Colonel Sanders travelled throughout the United States with a pressure cooker and a secret recipe in his dusty old car. He had to exchange a dozen jobs and face failure for all his life. His life had been torn apart and his ideas were rejected. Broke and perhaps on the verge of killing himself, at the age of 65, he finally met a man named Pete Harman who bought the idea of his unique chicken frying recipe. In the year of 1952, the sales of his fried chicken tripled with an increase of 75 per cent. Colonel Sanders was 88 years old when his Kentucky Fried Chicken (KFC) made him a billionaire.
We live in a world that is advancing towards the future in a peculiarly impulsive manner. Good impulsive or bad impulsive? I don’t really know. Somehow it seems that the very advancement that we so proudly boast about is perhaps an odd dilemma. The future can be seen through an optimistic or a pessimistic lens but its definiteness lies solely on the actions we make today.
Where exactly are we though?
The generation that was born on and after the year 1994 is known as the generation of Millennials. Millennials, like the Generation X, are accused of laziness, entitlement, poorer human connection and lack of motivation. As much as I try not to believe that our generation is obsessed with instant gratification, I have to say that I am guilty of its pleasure. When everything is readily available to us at the tap on our smartphone screens, we somehow forget to realize that real satisfaction takes time and effort. Perhaps the story of Colonel Sanders is a reminder that persistence will always reward the patient kind.
“Instant gratification” or “instant satisfaction” is exactly what is holding us back. Everything that is interesting goes in with a filter and then the wait begins, one “like” after another, we are soaked in the glory that only lasts for seconds. Research suggests that a single “like” tends to produce a surprising amount of Dopamine (feel good hormone), which is almost equivalent to a hug. We are already aware that social networking apps have been linked to an astounding number of mental health consequences such as depression, jealousy, anxiety and low self-esteem.
The older generation brands us as “unfocused millennials” or the usual “smartphone generation” but they rarely offer us a solution or simply, they can’t. Maybe the only ones who can solve this problem are the ones who are actually going through it. To do this, we need to harness our chi and do some serious air-bending. Are we ready? Oh come on, you don’t have to deactivate your account.
If you like taking pictures, get a camera
Of course, this sounds stupid but it really helps when you are not taking Instagram stories every now and then. Perhaps, we might even learn a few things about photography without having to wave around our wand of a smartphone everywhere, producing tinges of dopamine fairy dust.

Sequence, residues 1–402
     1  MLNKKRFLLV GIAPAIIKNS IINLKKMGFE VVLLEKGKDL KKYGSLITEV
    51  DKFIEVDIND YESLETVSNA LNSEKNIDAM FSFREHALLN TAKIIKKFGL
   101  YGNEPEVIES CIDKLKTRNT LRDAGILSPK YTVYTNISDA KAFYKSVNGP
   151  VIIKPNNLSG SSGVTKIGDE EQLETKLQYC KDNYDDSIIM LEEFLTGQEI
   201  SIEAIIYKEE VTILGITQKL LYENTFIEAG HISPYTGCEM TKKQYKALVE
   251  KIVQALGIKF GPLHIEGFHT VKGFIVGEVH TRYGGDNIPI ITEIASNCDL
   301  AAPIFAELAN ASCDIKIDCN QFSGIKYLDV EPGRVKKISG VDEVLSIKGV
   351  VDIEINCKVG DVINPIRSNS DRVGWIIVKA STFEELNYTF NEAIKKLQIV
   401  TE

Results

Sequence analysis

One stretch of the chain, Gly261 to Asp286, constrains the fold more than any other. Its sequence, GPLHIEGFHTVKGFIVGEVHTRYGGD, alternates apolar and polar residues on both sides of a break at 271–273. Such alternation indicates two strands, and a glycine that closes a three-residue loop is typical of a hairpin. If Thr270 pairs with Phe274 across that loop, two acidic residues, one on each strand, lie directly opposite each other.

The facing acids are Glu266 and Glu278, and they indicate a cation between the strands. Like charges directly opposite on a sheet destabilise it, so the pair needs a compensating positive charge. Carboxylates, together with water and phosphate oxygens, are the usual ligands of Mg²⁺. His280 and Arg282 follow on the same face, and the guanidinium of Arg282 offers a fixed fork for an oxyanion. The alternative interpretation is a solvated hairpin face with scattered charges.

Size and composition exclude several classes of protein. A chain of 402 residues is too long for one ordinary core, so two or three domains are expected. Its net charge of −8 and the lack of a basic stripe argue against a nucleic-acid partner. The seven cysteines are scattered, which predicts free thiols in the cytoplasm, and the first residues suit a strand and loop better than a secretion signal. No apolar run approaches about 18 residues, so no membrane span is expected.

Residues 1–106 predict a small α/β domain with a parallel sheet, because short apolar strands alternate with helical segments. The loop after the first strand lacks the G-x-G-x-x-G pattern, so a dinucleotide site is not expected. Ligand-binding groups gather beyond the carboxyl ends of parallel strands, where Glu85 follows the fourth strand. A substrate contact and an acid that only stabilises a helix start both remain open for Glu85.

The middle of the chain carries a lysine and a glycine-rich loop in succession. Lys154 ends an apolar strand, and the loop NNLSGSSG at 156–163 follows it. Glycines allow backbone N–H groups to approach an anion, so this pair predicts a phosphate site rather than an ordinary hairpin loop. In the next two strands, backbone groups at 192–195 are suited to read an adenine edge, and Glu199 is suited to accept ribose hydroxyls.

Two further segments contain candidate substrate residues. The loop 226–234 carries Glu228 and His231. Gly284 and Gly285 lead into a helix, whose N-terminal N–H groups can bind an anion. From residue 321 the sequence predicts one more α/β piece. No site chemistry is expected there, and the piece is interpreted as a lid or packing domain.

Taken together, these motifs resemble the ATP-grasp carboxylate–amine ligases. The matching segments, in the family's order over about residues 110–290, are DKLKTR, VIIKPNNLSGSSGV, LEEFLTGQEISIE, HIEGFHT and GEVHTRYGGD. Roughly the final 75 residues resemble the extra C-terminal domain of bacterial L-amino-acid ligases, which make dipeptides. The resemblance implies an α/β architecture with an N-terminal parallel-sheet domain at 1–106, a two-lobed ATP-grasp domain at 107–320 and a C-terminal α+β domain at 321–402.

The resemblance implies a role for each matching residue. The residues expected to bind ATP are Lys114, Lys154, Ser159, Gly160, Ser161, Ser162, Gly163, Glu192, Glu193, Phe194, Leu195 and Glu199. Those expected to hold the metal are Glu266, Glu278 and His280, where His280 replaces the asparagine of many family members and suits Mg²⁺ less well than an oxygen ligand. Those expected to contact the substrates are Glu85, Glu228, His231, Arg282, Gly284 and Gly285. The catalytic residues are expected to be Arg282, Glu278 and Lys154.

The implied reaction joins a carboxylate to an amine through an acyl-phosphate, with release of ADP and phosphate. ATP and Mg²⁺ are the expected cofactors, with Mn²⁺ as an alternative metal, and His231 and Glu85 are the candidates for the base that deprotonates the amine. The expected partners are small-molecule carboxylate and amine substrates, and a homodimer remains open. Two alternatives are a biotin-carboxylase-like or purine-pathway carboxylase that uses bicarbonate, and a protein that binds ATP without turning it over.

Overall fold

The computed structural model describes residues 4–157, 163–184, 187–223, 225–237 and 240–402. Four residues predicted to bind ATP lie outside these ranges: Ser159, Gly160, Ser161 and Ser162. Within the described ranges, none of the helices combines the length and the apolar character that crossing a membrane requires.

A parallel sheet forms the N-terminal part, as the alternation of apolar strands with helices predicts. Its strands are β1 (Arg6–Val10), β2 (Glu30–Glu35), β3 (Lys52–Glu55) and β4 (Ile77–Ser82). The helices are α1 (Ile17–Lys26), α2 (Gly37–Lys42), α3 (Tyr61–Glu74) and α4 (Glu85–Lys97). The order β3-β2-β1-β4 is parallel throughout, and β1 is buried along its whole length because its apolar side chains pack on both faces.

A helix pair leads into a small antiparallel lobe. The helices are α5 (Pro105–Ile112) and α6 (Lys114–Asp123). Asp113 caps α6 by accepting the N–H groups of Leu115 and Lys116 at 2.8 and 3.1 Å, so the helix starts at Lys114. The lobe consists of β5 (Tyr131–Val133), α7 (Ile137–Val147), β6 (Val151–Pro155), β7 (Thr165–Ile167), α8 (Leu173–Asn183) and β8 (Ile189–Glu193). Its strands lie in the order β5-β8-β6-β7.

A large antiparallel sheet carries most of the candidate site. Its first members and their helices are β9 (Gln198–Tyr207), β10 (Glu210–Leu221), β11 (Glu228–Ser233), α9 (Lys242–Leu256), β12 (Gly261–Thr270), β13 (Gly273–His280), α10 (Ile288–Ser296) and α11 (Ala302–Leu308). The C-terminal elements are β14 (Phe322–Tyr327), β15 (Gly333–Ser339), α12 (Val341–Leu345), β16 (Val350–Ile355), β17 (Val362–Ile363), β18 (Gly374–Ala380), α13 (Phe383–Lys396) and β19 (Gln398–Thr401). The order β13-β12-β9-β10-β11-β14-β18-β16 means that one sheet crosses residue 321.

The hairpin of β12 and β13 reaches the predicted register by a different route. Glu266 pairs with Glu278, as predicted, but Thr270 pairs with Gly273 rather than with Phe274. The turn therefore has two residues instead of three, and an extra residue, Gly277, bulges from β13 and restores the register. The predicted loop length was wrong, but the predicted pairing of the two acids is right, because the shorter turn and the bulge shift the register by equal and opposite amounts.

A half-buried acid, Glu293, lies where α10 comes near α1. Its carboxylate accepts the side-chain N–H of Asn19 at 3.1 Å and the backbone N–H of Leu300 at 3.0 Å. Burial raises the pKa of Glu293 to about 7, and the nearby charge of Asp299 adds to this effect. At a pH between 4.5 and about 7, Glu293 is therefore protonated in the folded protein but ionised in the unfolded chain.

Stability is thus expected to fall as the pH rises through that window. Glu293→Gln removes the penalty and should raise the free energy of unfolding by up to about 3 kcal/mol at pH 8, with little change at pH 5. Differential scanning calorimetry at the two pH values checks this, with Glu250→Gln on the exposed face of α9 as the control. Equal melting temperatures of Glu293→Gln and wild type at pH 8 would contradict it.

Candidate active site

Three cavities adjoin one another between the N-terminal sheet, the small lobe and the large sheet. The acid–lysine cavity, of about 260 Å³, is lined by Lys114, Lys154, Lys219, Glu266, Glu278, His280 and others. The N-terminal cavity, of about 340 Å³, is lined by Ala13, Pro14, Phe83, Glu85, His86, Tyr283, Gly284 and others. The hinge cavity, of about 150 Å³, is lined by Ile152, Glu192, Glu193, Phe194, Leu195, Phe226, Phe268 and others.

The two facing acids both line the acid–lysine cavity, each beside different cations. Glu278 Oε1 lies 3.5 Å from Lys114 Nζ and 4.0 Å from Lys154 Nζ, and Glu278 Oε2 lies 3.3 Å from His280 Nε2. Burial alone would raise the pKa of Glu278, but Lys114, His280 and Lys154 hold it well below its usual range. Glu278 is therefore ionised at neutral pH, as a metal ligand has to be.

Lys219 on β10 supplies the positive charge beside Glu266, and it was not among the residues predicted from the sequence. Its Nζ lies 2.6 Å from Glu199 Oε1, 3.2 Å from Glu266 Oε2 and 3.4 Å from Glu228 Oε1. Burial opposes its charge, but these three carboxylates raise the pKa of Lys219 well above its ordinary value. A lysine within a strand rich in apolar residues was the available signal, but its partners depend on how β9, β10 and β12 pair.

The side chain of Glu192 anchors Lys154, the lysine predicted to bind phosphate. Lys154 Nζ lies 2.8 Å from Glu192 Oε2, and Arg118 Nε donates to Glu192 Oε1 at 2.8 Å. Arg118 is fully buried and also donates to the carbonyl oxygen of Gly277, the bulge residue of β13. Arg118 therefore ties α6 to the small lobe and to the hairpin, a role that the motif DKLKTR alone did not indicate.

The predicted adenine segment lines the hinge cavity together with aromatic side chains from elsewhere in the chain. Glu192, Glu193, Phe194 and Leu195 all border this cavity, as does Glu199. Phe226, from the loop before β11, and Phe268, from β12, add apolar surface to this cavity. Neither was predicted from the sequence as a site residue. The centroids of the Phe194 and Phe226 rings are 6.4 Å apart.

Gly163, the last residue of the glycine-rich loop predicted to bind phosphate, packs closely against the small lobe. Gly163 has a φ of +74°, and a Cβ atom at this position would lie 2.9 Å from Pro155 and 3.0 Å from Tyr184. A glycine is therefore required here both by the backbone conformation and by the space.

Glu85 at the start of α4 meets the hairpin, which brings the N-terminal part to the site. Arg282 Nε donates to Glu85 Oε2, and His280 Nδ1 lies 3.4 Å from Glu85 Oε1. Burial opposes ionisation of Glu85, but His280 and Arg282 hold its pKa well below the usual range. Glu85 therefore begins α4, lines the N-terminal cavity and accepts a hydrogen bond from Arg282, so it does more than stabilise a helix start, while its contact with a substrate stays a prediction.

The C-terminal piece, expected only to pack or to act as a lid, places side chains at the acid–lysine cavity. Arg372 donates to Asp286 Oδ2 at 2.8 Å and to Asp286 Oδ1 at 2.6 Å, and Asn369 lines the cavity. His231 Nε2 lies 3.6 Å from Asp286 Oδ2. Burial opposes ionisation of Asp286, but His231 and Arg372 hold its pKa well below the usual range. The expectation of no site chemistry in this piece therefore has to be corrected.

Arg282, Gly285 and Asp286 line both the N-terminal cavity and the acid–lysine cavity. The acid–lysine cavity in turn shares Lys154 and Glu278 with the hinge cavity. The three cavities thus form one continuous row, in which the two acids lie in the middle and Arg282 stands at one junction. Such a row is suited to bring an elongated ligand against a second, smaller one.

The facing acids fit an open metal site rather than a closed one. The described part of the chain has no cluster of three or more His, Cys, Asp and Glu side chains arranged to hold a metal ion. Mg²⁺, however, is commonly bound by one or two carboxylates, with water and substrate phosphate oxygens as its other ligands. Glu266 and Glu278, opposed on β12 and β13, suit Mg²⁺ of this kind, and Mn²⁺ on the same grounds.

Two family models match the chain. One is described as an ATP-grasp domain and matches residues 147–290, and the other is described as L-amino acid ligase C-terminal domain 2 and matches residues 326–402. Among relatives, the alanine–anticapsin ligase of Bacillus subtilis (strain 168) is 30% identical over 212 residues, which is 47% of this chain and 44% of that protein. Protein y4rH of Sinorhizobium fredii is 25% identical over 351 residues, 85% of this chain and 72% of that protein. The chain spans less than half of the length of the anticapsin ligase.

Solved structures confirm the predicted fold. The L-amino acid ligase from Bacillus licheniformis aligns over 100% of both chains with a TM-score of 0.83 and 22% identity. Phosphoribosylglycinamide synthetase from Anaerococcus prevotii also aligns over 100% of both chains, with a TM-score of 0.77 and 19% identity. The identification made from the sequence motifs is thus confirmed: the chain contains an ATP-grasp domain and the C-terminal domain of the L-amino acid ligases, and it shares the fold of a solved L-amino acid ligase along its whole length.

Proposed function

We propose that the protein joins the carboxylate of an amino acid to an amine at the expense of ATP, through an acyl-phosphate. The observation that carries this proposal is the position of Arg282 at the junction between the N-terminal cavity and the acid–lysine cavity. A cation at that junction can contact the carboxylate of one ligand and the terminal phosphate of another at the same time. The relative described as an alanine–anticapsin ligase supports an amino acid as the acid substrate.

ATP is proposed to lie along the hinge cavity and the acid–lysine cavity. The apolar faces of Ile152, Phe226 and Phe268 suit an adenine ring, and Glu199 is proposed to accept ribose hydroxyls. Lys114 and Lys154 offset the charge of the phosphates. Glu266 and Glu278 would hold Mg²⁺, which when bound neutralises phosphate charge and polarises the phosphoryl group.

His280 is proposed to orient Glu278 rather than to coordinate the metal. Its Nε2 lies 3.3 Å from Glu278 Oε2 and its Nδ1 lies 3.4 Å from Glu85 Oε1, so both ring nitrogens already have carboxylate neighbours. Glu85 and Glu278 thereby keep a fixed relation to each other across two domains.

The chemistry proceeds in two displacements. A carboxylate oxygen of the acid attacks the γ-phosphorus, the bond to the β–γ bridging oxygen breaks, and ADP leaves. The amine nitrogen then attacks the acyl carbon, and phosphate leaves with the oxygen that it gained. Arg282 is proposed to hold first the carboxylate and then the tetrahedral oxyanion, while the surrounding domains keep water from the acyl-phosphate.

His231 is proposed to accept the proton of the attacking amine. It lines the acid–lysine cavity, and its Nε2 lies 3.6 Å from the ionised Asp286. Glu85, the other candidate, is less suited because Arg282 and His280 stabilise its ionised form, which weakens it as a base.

Do fewer stories
Let’s stop putting everything in our social media stories and just be present in the moment, as it happens.
Smartphones have other work too
Log out of your social media every once in a while and do something worthwhile with the free time in your hand. Try blogging, read articles, learn something new, make movies, write songs, go bonkers.
Talk to people
We swipe left, we swipe right and for no apparent reason without realizing the existence of a person sitting right next to us. Start a conversation. Create a connection. People are really interesting if you care enough to listen.
Just about an hour before the countdown of New Year’s Eve, my phone went dead. I had people to meet and places to go. Now I couldn’t even reach out to them and I didn’t even remember any of their numbers. Hopelessly barreling through the crowd, I somehow met a friend whom I had no plans with, along with him stood his 28-year-old brother. We almost instantly decided to find a better spot. Every pub and every cafe was either pre-booked or had hardly any space to fit a single human body. Then a magical revelation came to my friend’s brother, he shoved us in his car and rang all of his best friends from college, none of who have met in five years. After about twenty minutes, his car was filled with a policeman, a teacher and his friend, two engineers, a bureaucrat and two college kids. We drove towards the top of the hill, from where an eagle eye view of the town could be seen. Sitting around a bonfire, in the middle of nowhere, we were lost into the trance of a whole other level. Stories of how life had transposed for them, the unexpected jokes thrown at each other, and the occasional moments of sheer silence. We were marinated in the ambience.
Perhaps we are only just complicating things by trying to seek some esoteric version of happiness, when in fact we can create it anytime and anywhere. I sometimes wonder, would there be any mystery to our lives if we met after five years?